Cognitive ability required in different exams is different, which is why there are so many students who score brilliantly in their college “knowledge” exams and yet struggle with aptitude tests, and vice versa. This phenomenon can be better understood by looking at the two ways in which many psychologists classify intelligence:
1. Fluid Intelligence
Fluid intelligence is the ‘street smart’ or ‘think on your feet’ type of intelligence. It involves having an open mind, looking at things from different perspectives, being open to learning and unlearning things and reacting proactively to problem. It is the ability to think and reason abstractly and strategically. While this is necessary for time-bound aptitude tests where shortcut techniques or innovative approaches help save time without compromising on accuracy, it is not enough without at least some bit of what is called crystallised intelligence.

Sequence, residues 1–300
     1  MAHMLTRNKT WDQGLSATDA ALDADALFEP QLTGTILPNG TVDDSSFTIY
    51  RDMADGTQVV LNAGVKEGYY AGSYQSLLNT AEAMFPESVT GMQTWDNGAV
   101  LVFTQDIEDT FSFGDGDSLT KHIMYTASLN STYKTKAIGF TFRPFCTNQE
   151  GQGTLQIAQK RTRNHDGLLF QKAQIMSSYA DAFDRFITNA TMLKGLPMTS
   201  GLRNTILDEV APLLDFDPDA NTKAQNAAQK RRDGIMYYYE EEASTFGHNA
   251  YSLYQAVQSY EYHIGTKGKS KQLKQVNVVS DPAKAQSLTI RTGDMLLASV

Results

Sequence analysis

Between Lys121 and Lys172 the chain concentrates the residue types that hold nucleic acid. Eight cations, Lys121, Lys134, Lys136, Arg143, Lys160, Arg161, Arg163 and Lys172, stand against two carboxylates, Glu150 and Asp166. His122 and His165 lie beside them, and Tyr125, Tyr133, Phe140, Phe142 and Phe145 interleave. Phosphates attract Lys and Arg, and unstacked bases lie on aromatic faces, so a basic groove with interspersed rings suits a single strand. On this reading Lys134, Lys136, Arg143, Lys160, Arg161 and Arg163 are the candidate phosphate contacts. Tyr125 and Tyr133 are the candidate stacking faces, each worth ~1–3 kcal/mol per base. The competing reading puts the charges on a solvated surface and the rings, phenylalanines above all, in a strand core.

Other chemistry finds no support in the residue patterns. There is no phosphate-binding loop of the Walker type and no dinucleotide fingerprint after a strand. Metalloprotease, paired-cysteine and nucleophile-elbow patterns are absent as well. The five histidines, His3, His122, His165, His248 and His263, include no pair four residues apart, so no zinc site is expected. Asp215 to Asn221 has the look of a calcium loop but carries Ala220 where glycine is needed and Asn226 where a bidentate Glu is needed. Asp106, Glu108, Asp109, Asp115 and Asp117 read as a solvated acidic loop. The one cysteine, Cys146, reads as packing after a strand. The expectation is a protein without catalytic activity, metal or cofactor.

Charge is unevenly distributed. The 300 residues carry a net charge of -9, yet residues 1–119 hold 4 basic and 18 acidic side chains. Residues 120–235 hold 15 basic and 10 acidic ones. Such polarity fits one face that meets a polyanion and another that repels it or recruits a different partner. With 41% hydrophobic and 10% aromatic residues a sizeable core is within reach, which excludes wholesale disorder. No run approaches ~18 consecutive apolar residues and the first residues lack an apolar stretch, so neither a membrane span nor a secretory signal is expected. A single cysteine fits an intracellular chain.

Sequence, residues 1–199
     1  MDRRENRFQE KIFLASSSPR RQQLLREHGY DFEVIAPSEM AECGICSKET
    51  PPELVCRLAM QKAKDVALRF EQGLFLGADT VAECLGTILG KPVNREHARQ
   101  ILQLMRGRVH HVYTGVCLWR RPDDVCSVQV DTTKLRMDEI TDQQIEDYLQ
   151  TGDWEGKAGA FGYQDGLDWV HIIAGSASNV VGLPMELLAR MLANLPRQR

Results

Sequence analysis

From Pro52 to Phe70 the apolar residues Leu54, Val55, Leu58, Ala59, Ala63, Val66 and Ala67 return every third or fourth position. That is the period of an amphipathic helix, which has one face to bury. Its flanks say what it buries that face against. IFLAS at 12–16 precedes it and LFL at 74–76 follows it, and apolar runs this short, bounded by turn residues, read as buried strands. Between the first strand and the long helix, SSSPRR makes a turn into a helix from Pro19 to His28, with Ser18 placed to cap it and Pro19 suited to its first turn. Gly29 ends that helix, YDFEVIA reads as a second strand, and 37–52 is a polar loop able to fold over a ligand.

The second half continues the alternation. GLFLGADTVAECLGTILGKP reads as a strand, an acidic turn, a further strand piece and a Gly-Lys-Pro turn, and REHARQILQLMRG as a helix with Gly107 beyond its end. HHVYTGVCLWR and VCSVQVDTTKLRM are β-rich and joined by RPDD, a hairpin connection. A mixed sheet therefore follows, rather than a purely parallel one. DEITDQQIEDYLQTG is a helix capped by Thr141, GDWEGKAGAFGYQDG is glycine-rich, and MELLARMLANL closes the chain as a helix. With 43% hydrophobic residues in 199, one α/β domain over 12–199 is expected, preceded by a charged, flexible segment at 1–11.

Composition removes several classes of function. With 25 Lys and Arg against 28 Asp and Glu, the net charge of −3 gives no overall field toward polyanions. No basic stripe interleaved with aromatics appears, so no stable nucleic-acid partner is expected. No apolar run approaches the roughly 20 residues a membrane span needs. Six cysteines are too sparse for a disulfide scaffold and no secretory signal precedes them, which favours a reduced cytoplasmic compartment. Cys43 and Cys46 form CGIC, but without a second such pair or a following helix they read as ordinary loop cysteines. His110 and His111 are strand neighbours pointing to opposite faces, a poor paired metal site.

2. Crystallised Intelligence
Crystallised intelligence is the ability to learn from past experiences in a systematic and permanent way and to apply this learning to work-related situation. Exam problems that require crystallised intelligence include those which require specific formulae or approach only, especially in some aspects of Quantitative Ability.
Both these forms of intelligence, in the right proportion, are useful in preparing for aptitude exams. However, if you become aware of your own unique style, strengths, and weaknesses, it is quite possible to use more of one of the above two categories of intelligence to cover up for any lack in another.
Follow the blog as we try to dig deeper into the psychological aspects of test-taking in the coming weeks!